She’s fifteen today.
Holy sweet mother of Burt Reynolds, I feel old. My little girl—all those years such a wee, giggly tot—has shot up like a gull durn beanstalk in Zoo Doo. And, might I say, a hard-working, smart, awesome beanstalk at that.
How about you; do you remember turning fifteen? How about just being fifteen? I’m asking because…I kind of don’t. Sure, I’ve got some fairly sturdy memories of the larger milestones of that era—thirteen, sixteen—but my recollections of Year XV are overcast at best.
Based on the day’s teenage mindset, I can deduce what I may have asked for. Perhaps a pair of these:
I doubt I received HASH jeans though, since it cost around thirty 1977 dollars for the privilege of hiding your shoes and flaunting your loin rimple. Chances are I picked up a cheaper imitation at the Clothes Fair down by the railroad tracks.
I probably requested slightly smaller ticket items, like this:
Or maybe this:
Or perhaps a subscription to this:
I can tell you with near certainty that for dinner, I went here:
After which, my family and I returned home, sat back on the couch and flipped on this:
Yep, from what I’ve observed, teenage birthdays are quite a bit different now. By the time my daughter arrives at school this morning, a large swath of freshmen will already be digitally clued in. Upon her entrance, she’ll be engulfed in a million gentle hugs—each with one hand lightly patting the birthday girl’s back and the other clinging to its smartphone like a mountain goat to a mossy boulder.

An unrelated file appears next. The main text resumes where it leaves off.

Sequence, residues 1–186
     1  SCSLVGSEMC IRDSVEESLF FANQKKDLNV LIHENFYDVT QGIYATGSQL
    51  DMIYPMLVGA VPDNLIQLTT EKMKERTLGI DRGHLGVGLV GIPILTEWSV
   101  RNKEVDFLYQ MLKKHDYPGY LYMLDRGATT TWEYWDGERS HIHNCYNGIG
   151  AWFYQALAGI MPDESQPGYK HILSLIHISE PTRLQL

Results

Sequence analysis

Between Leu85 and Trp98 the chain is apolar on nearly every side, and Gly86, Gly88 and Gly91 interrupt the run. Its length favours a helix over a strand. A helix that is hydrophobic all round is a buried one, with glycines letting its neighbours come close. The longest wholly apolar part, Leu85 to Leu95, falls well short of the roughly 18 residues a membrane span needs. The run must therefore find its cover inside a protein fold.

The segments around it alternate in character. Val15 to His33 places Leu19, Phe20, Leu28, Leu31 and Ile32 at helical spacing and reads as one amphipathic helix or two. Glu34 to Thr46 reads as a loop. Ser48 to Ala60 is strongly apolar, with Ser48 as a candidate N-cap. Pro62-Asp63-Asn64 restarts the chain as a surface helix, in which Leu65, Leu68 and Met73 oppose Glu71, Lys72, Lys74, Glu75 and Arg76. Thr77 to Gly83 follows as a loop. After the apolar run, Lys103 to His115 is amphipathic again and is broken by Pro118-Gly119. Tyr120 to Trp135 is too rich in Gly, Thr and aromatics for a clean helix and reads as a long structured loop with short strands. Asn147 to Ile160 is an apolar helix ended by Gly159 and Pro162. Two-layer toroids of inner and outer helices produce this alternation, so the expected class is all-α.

In 1977, most of my friends didn’t even know I’d had a birthday until they noticed my annual Milk Dud-sized forehead zit from eating chocolate cake for breakfast all week.
I’m not bitter. Digital attention is shallow. Wait, forget I said that.
I suppose when the rubber hits the road, teenagers haven’t changed all that much. Allow me to illustrate.
Here’s a recent photo of my daughter:
Here I am, also at age 15:
And of course, James:
See what I mean? A youngster’s a youngster’s a dork.
Fifteen can be a tough age, a time of awakening and with it, one of elevated uncertainty and angst. Thankfully, our kid seems to be navigating the waters well; in fact, she’s doing great.
And just between us, or as the kids say, "TBH," I love the girl so much, sometimes I feel like I could just cave in. But knowing how she’s loathed being the subject of my long-winded posts over the years, I’ve decided to bestow upon her the greatest gift a father can grant on this, my baby’s fifteenth birthday:
I’ll stop talking.